Gamma exists partly due to the native response of CRT displays, and partly because it maps noise/distortion in a perceptually uniform manner.
There is absolutely no need of gamma per se
applied to digital images. The correct mapping of the RGB values so that they display right can be done in software, in the output device (monitor plus video card), or both working together.
Gamma in digital images is only necessary to avoid posterization in the shadows if they are encoded with integer values (for instance 16-bit TIFF files and specially 8-bit JPEG files). But an image editor working with floating point numbers doesn't need gamma at all; images can be linear and deep shadows would be represented as richly as the highlights. It's a matter of encoding efficiency.
These two images display correctly thanks to the software (Photoshop is interpreting the 2.2 gamma of the image on the left, and the 1.0 gamma of the image on the right), which is sending to the output video devices the appropiate values for correct rendering:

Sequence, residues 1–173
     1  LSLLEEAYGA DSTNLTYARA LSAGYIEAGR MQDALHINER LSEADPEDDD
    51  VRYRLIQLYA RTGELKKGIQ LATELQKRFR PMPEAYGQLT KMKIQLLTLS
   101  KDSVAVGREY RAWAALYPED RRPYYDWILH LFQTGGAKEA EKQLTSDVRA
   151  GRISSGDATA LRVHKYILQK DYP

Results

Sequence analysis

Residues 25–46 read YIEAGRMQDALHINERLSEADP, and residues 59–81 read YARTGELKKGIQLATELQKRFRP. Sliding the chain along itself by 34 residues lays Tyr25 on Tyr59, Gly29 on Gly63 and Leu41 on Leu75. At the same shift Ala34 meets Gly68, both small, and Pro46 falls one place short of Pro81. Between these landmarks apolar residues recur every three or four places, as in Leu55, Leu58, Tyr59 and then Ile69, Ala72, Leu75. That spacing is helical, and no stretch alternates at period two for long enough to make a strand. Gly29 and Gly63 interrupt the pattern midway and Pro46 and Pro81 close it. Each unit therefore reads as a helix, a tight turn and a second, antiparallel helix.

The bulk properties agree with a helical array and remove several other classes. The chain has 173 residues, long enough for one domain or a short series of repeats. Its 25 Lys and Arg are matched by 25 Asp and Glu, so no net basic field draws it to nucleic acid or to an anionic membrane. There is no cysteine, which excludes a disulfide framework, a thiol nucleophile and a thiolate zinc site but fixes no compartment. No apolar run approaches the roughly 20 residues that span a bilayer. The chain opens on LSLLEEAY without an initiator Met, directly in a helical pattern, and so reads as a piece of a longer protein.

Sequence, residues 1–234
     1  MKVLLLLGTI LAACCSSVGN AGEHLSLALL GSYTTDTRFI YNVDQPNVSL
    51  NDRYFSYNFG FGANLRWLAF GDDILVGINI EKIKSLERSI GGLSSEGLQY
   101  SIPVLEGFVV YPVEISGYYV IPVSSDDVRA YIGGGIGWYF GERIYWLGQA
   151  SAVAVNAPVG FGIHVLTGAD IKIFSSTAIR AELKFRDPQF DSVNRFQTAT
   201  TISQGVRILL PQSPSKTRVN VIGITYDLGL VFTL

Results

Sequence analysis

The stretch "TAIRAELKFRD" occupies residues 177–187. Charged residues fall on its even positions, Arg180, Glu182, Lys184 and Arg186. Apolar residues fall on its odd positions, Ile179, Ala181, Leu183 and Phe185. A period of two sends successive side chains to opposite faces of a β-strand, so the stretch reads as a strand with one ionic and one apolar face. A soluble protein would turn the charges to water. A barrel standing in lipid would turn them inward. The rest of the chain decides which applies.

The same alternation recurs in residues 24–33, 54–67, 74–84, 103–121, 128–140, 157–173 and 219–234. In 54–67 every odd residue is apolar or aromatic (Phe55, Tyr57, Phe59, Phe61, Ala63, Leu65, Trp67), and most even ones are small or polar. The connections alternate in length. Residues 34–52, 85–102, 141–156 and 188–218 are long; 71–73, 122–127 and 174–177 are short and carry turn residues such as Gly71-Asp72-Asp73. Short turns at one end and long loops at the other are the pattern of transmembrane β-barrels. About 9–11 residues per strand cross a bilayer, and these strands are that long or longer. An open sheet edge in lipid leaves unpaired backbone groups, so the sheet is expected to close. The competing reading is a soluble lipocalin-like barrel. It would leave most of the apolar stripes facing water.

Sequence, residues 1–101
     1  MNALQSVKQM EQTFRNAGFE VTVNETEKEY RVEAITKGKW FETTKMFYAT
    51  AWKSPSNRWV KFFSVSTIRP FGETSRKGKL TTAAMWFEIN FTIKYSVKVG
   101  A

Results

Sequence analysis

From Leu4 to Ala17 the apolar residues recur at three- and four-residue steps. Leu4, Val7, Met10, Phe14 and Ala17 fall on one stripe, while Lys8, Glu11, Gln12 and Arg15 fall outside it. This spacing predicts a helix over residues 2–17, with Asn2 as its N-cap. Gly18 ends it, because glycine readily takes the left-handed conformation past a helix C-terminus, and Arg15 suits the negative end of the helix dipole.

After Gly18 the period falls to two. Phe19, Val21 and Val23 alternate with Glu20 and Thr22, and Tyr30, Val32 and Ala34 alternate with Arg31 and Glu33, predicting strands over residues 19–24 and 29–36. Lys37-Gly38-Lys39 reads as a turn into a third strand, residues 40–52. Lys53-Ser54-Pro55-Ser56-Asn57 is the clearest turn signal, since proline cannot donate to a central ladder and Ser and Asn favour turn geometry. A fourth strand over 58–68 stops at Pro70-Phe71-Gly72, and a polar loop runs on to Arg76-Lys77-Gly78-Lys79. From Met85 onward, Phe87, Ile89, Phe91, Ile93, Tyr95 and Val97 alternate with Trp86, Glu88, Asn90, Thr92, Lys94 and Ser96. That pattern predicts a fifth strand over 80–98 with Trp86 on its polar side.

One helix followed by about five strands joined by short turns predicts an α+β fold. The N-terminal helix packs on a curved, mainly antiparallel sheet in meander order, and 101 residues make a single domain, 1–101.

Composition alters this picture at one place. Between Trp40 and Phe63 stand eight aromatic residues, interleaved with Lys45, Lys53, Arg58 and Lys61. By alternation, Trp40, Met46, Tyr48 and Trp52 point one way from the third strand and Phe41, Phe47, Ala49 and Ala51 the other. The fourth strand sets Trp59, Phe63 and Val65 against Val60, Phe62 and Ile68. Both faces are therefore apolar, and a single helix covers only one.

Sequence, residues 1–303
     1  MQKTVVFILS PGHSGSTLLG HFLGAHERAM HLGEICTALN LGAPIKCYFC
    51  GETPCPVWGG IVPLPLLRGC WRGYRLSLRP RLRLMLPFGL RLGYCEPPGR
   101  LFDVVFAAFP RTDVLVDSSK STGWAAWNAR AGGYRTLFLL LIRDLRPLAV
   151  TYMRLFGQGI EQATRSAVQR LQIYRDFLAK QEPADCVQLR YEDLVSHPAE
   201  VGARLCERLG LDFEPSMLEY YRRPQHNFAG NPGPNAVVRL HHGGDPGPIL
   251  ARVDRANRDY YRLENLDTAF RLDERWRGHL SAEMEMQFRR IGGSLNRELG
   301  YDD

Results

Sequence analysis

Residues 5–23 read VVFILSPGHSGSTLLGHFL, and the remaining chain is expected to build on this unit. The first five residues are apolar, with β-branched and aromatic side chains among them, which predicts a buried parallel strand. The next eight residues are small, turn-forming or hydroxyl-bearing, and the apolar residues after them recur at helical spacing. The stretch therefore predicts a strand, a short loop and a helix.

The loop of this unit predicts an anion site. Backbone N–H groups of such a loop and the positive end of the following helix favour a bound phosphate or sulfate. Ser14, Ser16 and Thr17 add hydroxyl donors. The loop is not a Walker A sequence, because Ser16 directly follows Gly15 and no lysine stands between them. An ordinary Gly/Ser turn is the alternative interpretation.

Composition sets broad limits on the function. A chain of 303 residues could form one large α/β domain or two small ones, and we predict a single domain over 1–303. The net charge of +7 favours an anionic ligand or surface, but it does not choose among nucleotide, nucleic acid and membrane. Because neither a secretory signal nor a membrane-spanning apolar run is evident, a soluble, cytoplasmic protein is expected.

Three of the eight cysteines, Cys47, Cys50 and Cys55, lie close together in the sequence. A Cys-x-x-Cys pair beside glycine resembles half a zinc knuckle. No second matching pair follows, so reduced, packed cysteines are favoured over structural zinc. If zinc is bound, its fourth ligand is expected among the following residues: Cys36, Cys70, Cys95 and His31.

However the RGB values are totally different, just look at the histograms.
Gamma exists because of the original output devices (basicall CRT's) non linear behaviour, and has no relation to the way human vision works. To correctly mimic real life, any imaging system must be linear end to end. If gamma exists at some point, is to compensate an inverse non-linearity somewhere else into the system, and this has no relation to the way we perceive light.
Today, in digital imaging, gamma is only needed because integer formats are still the most widely used.